Islamophobia, and racism against Muslims, are on the rise in Europe. In Sweden, a far right-wing political party with a neo-Nazi past gain parliamentary access in the recent election. In recent years the political debate concerning immigration has shifted tone in Sweden. Mainstream right wing political parties, with a history of liberal attitudes towards immigration, have jumped on the anti-immigrant bandwagon in search of disillusioned voters. In fuelling and normalizing more extreme standpoints on immigration and immigrants, the Internet has facilitated a space of increasing xenophobia and racism. A growing number of web pages, blogs and communities form a new kind network, which combines paranoid visions of an immanent Islamic invasion and a demand for harsher immigration legislations. In Sweden, islamophobic web logs and pages, have undoubtedly contributed to the success of the far-right nationalist party Sverigedemokraterna in the election in 2010. They have also been part of a general shift in the mainstream political discourse on immigration and cultural integration.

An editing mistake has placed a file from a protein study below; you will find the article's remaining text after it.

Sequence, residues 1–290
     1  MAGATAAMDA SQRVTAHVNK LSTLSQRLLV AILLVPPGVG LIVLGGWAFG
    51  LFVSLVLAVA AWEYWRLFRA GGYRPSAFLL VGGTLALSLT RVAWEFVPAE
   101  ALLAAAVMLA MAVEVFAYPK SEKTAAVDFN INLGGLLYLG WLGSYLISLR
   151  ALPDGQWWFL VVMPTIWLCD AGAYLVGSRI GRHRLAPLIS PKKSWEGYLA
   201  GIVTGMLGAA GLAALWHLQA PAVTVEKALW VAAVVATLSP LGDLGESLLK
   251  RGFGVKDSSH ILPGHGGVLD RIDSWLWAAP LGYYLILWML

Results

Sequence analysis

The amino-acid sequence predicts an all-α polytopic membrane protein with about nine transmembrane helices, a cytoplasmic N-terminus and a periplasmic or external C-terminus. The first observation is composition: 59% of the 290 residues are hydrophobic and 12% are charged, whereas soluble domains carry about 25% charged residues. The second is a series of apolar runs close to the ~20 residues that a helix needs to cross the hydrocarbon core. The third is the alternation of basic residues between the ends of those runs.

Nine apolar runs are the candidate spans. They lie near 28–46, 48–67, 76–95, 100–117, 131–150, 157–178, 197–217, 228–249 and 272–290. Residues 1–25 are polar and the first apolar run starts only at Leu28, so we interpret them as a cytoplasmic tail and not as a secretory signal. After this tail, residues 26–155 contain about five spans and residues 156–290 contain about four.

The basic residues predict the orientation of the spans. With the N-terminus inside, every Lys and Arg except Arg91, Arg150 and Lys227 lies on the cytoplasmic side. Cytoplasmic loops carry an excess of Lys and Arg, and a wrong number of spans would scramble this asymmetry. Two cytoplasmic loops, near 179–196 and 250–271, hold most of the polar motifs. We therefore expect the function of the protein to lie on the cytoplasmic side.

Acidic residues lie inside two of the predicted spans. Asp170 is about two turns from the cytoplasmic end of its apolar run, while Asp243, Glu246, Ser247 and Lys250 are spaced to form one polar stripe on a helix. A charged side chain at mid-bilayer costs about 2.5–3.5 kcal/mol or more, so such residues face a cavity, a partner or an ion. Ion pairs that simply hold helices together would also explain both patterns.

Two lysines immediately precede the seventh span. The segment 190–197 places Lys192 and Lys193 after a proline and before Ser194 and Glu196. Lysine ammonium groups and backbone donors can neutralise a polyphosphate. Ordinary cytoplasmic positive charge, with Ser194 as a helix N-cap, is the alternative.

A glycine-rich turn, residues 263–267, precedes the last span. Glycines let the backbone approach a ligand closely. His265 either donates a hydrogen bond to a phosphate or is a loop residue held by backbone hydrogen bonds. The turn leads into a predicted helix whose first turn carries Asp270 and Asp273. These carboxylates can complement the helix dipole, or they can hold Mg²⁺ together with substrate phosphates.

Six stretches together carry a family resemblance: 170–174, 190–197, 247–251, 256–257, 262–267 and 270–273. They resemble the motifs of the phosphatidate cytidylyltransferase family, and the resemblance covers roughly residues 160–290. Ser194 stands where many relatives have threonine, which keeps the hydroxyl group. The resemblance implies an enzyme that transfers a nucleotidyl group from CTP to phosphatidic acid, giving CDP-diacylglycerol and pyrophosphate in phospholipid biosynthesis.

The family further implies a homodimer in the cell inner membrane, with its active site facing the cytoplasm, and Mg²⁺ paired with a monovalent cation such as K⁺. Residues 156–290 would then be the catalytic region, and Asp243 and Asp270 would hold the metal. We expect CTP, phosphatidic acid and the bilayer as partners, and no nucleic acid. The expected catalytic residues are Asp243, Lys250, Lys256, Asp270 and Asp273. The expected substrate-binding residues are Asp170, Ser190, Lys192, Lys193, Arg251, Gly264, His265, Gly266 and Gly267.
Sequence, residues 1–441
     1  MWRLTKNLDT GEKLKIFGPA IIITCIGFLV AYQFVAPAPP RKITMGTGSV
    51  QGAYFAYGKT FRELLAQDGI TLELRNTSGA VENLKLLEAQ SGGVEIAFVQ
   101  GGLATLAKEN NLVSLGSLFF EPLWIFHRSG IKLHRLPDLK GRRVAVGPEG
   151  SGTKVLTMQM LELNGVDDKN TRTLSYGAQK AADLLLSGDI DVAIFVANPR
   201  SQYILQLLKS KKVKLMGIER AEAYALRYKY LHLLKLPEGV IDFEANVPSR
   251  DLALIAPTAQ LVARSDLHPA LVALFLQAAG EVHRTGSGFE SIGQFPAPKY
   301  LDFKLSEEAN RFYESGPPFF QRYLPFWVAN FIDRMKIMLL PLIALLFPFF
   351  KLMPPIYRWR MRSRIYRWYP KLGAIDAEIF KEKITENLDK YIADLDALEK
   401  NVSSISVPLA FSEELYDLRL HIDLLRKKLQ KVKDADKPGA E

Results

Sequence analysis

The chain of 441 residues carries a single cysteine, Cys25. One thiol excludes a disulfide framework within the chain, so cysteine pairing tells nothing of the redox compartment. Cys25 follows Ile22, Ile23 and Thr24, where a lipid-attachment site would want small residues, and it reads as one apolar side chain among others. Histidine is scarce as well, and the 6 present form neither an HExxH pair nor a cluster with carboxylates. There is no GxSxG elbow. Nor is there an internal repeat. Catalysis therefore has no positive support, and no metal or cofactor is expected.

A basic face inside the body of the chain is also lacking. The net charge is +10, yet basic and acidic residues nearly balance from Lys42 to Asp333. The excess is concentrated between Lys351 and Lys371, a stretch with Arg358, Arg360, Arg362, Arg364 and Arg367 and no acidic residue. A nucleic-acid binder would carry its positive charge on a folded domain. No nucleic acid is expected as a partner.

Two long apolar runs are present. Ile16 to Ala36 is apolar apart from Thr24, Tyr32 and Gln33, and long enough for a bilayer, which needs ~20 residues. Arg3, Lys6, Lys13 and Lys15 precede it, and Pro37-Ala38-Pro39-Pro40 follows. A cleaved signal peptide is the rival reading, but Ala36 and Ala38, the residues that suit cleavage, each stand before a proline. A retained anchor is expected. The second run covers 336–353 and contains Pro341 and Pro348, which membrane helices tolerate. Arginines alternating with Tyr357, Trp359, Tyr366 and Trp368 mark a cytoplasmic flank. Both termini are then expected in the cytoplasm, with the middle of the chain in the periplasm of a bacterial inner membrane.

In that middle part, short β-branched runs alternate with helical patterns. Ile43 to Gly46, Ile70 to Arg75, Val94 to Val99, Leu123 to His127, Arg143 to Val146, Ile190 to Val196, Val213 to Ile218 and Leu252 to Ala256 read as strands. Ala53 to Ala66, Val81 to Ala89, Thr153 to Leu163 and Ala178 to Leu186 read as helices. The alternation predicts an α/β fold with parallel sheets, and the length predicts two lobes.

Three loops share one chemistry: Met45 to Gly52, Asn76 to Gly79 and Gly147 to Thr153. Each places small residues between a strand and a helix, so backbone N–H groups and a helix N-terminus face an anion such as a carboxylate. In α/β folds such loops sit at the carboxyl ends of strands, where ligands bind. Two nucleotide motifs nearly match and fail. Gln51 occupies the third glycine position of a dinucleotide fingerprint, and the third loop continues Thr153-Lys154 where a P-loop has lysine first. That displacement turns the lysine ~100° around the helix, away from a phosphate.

This paper examines part of the Swedish islamophobic web-community and its relation to mediated discourses on Islam and Muslims in mainstream online news media. It taps into the discursive construction of Islam and Muslims in three of the most popular xenophobic Swedish blogs, and examines the inter-textual, inter-discursive relations and the hyperlinks between online islamophobic blogs/pages and mainstream online news and its relations to institutionalised politics (domestic and foreign).
The study draws on theories of racism in mass media and the connection between elite discourses, geopolitics and racism (van Dijk, 1993). It also discusses the role of historic representation of the non-European other in general, and of Muslims in particular.
The study shows that the online islamophobic web pages, use, and link to, certain online newspapers, journalists and news topics in order to confirm, or contrast their position on Islam and Muslims. They create a seemingly anti-establishment position by framing racist and xenophobic standpoints as a question of freedom of speech and critique against religious extremism. The study also shows that the online pages use xenophobic currents within elite mainstream media in order to mobilize voters in support of far right-wing political parties.